Running a small business is hard. Every day can feel like a never-ending race against time just to keep things afloat, let alone help them grow. It might feel like a (big) stretch to make space for pro-bono work, but if you’re able, I highly recommend it! The rewards to the business, and yourself, are plenty.
I founded Synchronous Pictures in 2017 as a documentary-centric production company based in San Diego. We now operate globally with a small in-house team and a network of contractor crew we hire throughout the year, focusing on commercial, tv, and independent, original storytelling.
Over the past couple of years, we’ve contributed tens of thousands of dollars in funds, time, and other resources to causes we care about. Last year, we funded a diverse filmmaker fund, donated weeks of production time and equipment to the Morpho Institute’s Educator Academy in the Amazon, hosted mentorship opportunities for students at a local high school, and donated editing time to a national non-profit. I mention these things not for credit or acknowledgment, but as an example of what’s possible for a small business to contribute while still prioritizing financial health. In my experience, these things can and should exist together.
We have lofty goals for the year ahead, expanding our client base, revenues, and original film slate. But we also plan on continuing to make space for pro-bono work. Here are my top five reasons why donating time to causes you and your company care about should not only be a moral decision – but a strategic one too.
1. Reputation and Credibility
Referrals have been the bulk of our business to date. And those referrals rely heavily on our quality of service, creative chops, and dependability. But in today’s market, that alone might not be enough. Especially with platforms that make it easier and more accessible than ever for clients to hire freelance crew anywhere in the world.
Showing that your business and its people have heart can work wonders. It signals you’re organized (and profitable) enough to create space for this not-for-profit work and shows you view business and the world through a more holistic lens. It can show clients that the care for the stories you’re telling, the people you’re helping, and the connections you’re making runs deep. And that when they’re in the market to hire a creative partner, you’ll go the extra mile to deliver that same level of care and excellence.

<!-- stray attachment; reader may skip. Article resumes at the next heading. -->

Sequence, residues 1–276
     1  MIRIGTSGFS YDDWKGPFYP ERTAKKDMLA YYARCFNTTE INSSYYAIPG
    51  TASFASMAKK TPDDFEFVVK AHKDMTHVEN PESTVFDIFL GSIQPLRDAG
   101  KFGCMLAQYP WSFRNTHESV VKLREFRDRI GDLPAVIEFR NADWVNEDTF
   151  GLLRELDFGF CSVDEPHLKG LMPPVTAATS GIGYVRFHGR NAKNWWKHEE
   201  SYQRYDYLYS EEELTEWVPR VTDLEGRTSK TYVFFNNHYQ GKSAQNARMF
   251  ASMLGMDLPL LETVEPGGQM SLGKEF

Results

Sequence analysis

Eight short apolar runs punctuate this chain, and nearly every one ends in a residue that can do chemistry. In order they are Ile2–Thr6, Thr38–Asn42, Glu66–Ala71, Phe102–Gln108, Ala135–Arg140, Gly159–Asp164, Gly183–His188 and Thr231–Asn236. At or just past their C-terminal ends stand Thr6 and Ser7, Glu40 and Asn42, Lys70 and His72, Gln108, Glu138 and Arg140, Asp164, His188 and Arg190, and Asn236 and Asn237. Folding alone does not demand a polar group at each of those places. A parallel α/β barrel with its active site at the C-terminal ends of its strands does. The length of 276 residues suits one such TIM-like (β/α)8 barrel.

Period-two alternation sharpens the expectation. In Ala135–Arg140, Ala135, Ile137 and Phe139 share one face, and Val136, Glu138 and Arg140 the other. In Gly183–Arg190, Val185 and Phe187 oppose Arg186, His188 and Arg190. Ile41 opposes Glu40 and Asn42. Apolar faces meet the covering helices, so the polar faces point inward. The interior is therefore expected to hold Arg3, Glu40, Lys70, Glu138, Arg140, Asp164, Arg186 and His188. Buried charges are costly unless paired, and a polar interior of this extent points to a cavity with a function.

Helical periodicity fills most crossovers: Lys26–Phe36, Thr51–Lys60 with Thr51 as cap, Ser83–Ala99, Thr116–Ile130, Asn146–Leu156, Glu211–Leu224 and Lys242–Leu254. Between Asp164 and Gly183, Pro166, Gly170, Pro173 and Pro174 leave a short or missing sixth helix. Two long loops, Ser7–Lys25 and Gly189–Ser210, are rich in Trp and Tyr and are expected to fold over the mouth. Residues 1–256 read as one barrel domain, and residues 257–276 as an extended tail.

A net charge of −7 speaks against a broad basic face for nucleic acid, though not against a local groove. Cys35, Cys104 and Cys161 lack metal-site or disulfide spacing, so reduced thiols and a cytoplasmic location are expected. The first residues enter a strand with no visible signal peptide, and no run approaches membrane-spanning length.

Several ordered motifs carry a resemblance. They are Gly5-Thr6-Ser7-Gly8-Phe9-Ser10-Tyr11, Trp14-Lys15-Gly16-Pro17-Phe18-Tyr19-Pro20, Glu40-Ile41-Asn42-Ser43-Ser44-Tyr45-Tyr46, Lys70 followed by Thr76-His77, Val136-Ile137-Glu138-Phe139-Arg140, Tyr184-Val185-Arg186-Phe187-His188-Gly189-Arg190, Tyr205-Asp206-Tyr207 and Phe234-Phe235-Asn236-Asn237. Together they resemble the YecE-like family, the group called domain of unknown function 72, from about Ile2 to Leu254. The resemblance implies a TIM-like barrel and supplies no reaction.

2. Networking and Relationship-Building
A small firm like ours relies heavily on its relationships. Opening up a few project slots a year for people and organizations you might not get to work with while billing your full rates can open up new opportunities and create enduring bonds with institutions and people that could pay dividends down the road. For us, some of the most fulfilling and long-lasting client relationships started from a place of small, low, or no-budget work.
3. Gaining New Perspectives and Skills
Pro-bono work has given us a chance to work on solving problems outside of our core slate of services and focus areas, which has certainly led to new perspectives and abilities. Both have improved our regular business ops and strengthened our value in the marketplace. And made us more nuanced and compassionate problem solvers.
4. Connecting to Your Mission And Reigniting the Spark
For us, the daily grind can sometimes make the work feel rather distant from our mission. It requires effort to keep that flame alive and to stay focused on your values roadmap. Taking on a pro-bono project outside your day-to-day can go a long way in reigniting the spark of why you do what you do. And bring a great deal of fulfillment and purpose along the way. This contributes in a meaningful way to company culture and can lead to greater efficiency, creativity, and higher impact for your paying clients and projects.
5. Generosity is a Virtue
Business should be about (responsible) profit. It’s one of the main reasons we do what we do. And there’s great joy, satisfaction, and value in building a profitable, high-yielding business. But business should also be about supporting people and contributing to the communities they operate in. Because without healthy a population, society, and planet, what good is your product or service anyway?
While we’ve been fortunate to arrive at a place where we can make space for pro-bono projects, it’s important to acknowledge this might not make sense for every business at every stage. You must have a healthy ship before committing to helping others. Otherwise, it might become detrimental to you and those you’re offering assistance to.
Nonetheless, as you look ahead at your goals for this next year in business, I challenge you to find opportunities to contribute in ways that make sense to you. Be generous. Be bold. And make kindness and service to others one of your key differentiators on your path to business success. I know I will!
Read the full feature from Canvas Rebel on this topic and more at https://canvasrebel.com/meet-james-parker/.